19 January 2016 Set Yourself Up for Healthy Cooking

Last month I wrote about how home-cooked meals are usually healthier and are often lower in saturated fat and sodium, and higher in nutrients and antioxidants. Home prepared food portions are often much more in line with health guidelines and calorie needs. If you are tracking calories and nutrients on MyNetDiary, you have probably figured this out. This month, I would like to expand on successfully preparing foods at home.

Here are some of my favorite strategies for setting up your kitchen for healthy eating, ease and hopefully some fun.

Equip yourself in the kitchen

Can you quickly find and access the tools and equipment needed for meal preparation? Try to set up your kitchen so it flows well. Are pots and pans near the stove? Are seasonings convenient? Are glasses by the refrigerator? Do you have the basic kitchen equipment? You don’t have to go to fancy cooking stores to find decent equipment. Shop around at garage sales, thrift stores and discount stores. Who cares if you have different brands? Department stores often have deals on sets of utensils and pots and pans. Gradually building your kitchen equipment inventory can be fun. Jot down a list of items to make cooking easier, and make it a point to check out the kitchen section of stores to find deals. Most people who cook regularly find that you end up having “go to” kitchen tools. There is no need to get bogged down with a clutter of kitchen gadgets. Kitchen basics such as knives, peelers, cutting boards, measuring spoons and cups, mixing bowls, cookware and bakeware, cooking utensils, storage containers, potholders, and towels are some important kitchen items. Yes, you do need a little more than a can opener and plastic eating utensils unless you are just dumping processed food out of a can or microwaving frozen food. If you are new to cooking, ask a friend who cooks what kitchen equipment they use or you can go to the kitchen section at the store and explore.

Stock the staples

A stocked pantry is a key element of successful home cooking. A kitchen staple is a food item that has a fairly long shelf life and is usually bought in a sizeable quantity for multiple meals. It can help to go through some recipes to see which items you might use fairly often. It is so much easier and more efficient to buy these items in quantities that last several weeks or longer. Ask family members to write items close to empty on a standing grocery list. With the staples in stock, you can buy perishable foods like fresh fruits, vegetables, meats, tofu, cheese, yogurt and milk to complete the weekly meals.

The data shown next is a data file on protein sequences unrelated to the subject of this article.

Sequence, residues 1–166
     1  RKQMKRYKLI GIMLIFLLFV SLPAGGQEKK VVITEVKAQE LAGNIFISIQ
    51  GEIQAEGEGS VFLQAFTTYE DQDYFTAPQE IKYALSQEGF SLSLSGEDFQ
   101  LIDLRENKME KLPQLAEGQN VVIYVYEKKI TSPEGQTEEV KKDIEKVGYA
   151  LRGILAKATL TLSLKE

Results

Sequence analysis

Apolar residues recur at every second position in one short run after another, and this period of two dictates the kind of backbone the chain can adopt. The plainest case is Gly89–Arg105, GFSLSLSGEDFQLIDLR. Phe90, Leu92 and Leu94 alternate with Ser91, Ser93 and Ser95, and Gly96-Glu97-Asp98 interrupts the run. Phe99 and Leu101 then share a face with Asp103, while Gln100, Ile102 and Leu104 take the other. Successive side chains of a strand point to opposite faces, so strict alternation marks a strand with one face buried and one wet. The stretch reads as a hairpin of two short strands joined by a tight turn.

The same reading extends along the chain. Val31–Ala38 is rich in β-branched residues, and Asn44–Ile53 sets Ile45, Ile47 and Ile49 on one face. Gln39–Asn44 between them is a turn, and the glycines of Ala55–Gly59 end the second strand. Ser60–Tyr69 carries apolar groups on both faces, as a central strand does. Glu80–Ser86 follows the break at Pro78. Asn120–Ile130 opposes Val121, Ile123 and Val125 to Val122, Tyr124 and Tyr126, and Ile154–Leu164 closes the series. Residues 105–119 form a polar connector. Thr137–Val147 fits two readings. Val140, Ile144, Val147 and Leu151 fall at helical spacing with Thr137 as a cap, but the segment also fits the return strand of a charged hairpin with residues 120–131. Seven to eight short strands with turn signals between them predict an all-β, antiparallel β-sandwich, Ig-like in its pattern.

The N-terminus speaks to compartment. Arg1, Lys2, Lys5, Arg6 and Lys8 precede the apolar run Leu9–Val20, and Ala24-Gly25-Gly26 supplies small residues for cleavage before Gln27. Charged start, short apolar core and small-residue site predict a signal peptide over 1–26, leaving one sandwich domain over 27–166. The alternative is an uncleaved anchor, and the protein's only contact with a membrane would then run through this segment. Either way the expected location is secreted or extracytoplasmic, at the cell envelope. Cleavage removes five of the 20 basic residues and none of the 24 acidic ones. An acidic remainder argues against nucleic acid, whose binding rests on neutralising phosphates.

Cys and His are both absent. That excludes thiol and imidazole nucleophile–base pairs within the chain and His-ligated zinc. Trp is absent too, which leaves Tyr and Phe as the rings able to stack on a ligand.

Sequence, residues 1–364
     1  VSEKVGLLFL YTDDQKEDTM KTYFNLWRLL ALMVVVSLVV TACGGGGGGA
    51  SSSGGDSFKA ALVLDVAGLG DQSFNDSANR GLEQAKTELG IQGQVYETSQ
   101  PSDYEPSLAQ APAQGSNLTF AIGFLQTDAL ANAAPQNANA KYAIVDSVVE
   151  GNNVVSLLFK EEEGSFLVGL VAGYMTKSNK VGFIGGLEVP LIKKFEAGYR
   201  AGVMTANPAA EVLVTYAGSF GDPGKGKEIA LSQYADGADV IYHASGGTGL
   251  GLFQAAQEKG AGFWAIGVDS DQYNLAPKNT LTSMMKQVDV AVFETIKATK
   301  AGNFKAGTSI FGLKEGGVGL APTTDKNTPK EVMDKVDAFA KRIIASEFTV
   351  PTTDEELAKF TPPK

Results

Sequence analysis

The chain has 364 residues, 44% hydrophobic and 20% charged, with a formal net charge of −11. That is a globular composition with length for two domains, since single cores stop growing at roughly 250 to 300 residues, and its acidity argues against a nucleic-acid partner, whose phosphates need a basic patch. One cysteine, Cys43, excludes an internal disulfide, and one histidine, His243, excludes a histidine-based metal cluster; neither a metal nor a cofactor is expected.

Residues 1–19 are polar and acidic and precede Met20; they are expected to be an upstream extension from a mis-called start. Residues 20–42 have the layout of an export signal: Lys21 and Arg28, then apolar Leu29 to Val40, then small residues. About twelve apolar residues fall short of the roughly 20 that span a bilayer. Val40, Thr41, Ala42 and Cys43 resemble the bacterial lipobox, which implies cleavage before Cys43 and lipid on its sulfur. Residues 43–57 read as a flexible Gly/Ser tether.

Pantry staples might include: assorted pastas, rice, beans, quinoa, couscous, oats, baking soda, baking powder, flour, sugar, low sodium broth, pan spray, olive oil, canola oil, potatoes, onions, spices, canned tomato sauce, diced tomatoes, canned tuna, canned salmon, juice packed fruits.

Freezer staples include: a variety of frozen vegetables, a variety of frozen fruits, frozen chopped onions and peppers (either your own prepped or store-bought), and cooked meats (prepared and frozen for another recipe). Also, freezing items like nuts, seeds, breads, cooked rice, bread crumbs, and wheat germ can keep them fresh longer. You can easily pull these items out as needed. Keep freezer tape and a permanent marker handy so you can date items. This is more of a quality than safety issue.

Refrigerator staples include: eggs, soft tub margarine or butter-oil blend spread, condiments, minced garlic and salad dressing.

Make healthy food tasty and adventurous

Set up your kitchen with seasonings and flavor enhancers that make food taste great while keeping it healthy. Stock a variety of spices, salt-free seasoning blends, a variety of mustard spreads, hot sauces, lemon or lemon juice, lime or lime juice, a variety of vinegars, salsas and salad spritzers.

Come up with a menu plan for the week

Pick out a few recipes for the week. Plan ahead and think of your upcoming week. Use recipes that can do double duty. For example, make roasted chicken breasts in the crock pot for one meal. Make extra chicken to shred for another meal of chicken tacos. Another example might be to brown 2 pounds of ground turkey, one to use for a pasta dish on Sunday and the other pound for soup at the end of the week. Cook extra quinoa and roasted vegetables for dinner and have the extras on a lunch salad that week. Get family members involved by having each person commit to making one meal a week. Day of the week themes can make it fun and easier for planning, like Meatless Mondays, Taco Tuesdays or Homemade Pizza Fridays. Try to make it as appealing as eating out.

If you are a newbie in the kitchen, start simple and build your skills. Find simple recipes on the web or get a basic cookbook to help you build confidence. Above all, have fun and make your kitchen an enjoyable place where you can unwind, be creative, and take care of your health.

Brenda Braslow, MS, RD, CDE

Brenda is a registered dietitian and certified diabetes educator in Denver,

Colorado who specializes in diabetes prevention and health enhancement.

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Disclaimer: The information provided here does not constitute medical advice. If you are seeking medical advice, please visit your healthcare provider or medical professional.

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Meal Planning & Diets/"Plan, Shop, Prep, and Cook"

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